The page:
Rejection

Crossposted from aubreygross.com.

Rejection. It’s a word none of us really like. I mean, come on. Rejection sucks. As a teen and young adult it usually means someone you’re interested in has said “thanks, but no thanks” or successfully friend-zoned you. Professionally it can mean all kinds of things–you didn’t get that job you thought you had in the bag, you were fired, or someone didn’t like your work. As an author rejection means an agent or editor decided–for a variety of reasons–they don’t want your story. In the world of organ transplants, rejection means the recipient’s body has suddenly realized there’s a foreign organ and has decided to fight against it.

Unfortunately my husband and I have been dealing with that last form of rejection over the past week (which is why I got really quiet all of a sudden). Transplant rejection is something I think most of us are vaguely familiar with–we’ve at least heard the term before, even if we don’t exactly understand all that it entails. Phillip and I kind of got thrust into the world of transplants last summer. And by thrust, I mean we had our hands and feet tied up and we were thrown into the middle of the lake and told we better learn how to swim.

Okay, maybe that’s a little melodramatic, but at times it definitely felt like that.

Even with us being in the world of transplants, rejection is still something that’s a bit mystifying and foreign. I mean, we knew the statistics–about 30% of kidney transplant recipients will experience rejection at some point, and the first three months (some say six) are the most critical. We knew rejection could be treated, but we weren’t sure how. And I don’t think we realized there were so many varying levels of rejection.

We knew a week ago that we could possibly be looking at rejection after we found out last Friday that Phillip’s creatinine had jumped up suddenly (for kidney transplant recipients, creatinine is one of the the most important numbers to monitor, as it tells doctors how well the kidney is functioning…although, to be fair, even those of us who aren’t transplant recipients still have our creatinine levels checked during comprehensive metabolic panels, because elevated levels can indicate kidney disease), but his nephrologist in Austin and his nephrologist in Dallas both wanted to have another set of labs and a renal ultrasound done Monday. Well, on Monday his creatinine was still up and the ultrasound didn’t really show anything that could cause elevated creatinine levels.

We had an appointment already scheduled with his doctor in Dallas at the Dallas Transplant Institute (DTI) on Wednesday, where they did more labs and another ultrasound just to be on the safe side. Creatinine was still up, ultrasound was showing old fluid but not a whole lot. So my husband got to have a kidney biopsy on Wednesday. DTI told us to stay in Dallas Wednesday night rather than going back home to Austin (it’s about a four hour drive, for those of you unfamiliar with Texas cities and where they are), which created a bit of a conundrum since we’d only expected to make a day trip; our dogs were still at home (and crated) and I’d had the foresight to pack an overnight bag with one change of clothes, but hadn’t packed up laptops (don’t worry–we had friends checking in on the dogs, and were able to drive down to Austin yesterday to get them and some additional clothes).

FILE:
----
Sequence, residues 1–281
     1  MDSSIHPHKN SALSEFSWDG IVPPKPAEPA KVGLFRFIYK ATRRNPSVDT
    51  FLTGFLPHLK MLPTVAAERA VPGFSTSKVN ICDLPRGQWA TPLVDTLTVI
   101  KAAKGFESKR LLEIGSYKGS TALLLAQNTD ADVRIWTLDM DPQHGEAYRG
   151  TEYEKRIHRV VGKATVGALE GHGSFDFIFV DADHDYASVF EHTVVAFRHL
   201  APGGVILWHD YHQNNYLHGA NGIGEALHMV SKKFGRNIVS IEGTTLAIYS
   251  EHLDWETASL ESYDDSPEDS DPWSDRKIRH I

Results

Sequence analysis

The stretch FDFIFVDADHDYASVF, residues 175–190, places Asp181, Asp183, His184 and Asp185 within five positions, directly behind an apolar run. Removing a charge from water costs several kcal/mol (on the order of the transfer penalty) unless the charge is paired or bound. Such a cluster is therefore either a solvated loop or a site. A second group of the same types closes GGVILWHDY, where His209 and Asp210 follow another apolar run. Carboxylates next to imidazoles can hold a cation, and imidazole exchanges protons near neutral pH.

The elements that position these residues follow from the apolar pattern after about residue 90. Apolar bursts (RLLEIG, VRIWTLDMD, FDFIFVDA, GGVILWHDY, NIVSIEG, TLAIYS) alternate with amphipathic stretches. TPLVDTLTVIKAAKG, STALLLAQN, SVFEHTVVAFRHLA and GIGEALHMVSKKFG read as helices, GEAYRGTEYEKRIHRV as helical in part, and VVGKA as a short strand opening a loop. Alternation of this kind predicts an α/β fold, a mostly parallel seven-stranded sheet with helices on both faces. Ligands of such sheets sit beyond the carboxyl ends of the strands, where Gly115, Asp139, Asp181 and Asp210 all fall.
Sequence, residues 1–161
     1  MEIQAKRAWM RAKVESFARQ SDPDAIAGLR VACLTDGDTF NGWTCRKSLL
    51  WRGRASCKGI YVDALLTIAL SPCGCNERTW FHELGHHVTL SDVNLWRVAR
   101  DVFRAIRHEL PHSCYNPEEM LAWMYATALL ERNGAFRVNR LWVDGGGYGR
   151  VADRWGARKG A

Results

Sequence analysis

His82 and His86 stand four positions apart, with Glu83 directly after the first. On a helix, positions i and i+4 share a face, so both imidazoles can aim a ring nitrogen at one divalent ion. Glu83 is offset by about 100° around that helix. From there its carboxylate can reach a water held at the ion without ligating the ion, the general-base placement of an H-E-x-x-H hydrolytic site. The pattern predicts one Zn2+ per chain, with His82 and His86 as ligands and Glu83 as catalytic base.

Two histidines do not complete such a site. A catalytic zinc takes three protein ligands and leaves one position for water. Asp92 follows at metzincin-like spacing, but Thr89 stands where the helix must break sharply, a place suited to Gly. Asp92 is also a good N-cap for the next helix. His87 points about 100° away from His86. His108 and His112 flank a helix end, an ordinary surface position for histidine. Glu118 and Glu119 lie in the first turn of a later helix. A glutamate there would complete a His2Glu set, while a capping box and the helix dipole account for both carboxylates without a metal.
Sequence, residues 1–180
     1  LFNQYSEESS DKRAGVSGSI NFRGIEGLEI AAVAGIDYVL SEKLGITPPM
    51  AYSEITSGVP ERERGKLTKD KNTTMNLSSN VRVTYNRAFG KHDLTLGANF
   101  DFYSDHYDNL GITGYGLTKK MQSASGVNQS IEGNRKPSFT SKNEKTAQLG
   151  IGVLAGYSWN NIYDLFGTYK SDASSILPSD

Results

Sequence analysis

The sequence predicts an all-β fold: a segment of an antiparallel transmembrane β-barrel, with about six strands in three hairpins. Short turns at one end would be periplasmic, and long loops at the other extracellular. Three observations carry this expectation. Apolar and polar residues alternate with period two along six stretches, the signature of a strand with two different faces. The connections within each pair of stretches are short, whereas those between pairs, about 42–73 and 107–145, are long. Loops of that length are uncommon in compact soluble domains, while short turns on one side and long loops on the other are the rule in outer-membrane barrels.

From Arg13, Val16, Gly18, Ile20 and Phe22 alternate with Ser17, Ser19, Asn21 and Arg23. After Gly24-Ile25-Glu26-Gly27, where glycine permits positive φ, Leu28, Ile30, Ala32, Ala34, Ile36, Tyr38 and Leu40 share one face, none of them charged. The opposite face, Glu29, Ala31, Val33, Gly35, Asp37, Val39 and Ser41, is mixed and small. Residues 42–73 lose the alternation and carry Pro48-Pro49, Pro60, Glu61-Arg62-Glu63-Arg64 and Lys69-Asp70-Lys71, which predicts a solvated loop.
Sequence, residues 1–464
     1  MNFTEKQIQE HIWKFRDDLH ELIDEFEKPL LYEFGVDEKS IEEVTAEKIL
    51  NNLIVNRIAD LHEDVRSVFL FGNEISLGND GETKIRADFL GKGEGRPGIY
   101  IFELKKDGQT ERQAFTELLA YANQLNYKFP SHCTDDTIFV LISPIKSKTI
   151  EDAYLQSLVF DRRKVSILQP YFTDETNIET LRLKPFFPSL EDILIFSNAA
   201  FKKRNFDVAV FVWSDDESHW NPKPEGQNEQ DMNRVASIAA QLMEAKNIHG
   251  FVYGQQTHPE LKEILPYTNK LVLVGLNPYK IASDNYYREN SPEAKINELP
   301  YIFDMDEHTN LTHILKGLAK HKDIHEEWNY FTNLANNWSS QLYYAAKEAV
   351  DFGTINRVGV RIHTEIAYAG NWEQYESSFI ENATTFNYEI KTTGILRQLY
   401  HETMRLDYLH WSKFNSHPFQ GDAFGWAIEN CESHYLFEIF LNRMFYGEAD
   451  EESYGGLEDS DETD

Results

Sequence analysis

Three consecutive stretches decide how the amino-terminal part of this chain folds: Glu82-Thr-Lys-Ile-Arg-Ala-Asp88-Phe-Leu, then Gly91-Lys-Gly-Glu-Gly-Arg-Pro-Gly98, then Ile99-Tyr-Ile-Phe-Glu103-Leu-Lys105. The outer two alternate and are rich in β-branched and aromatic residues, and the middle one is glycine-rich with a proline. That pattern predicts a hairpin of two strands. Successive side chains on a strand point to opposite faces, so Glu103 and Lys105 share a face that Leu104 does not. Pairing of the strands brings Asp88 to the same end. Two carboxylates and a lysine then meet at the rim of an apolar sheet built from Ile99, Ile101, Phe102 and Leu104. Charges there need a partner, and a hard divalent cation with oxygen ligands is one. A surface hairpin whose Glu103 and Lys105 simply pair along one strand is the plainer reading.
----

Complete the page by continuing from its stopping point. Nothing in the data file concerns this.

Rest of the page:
Thursday afternoon we got the call that Phillip was in rejection. Ends up it’s super mild, classified as a 1A (this is one of those things we’ve just learned about rejection–that there are very different levels), and affecting less than 10% of the tubules in the tissue biopsy. They started him on treatment right then and there–a super high dose of steroids, which he gets five days in a row–and they’re obviously monitoring his creatinine (and other labs) to make sure the kidney’s responding to treatment.

So far, so good. Fingers crossed we continue to see a downward trend.

In the meantime, we’re stuck in Dallas until at least Monday–part of that might depend on what the final biopsy results show.

Needless to say, it’s been an interesting and somewhat stressful week. And no matter what form it’s in, rejection kind of sucks.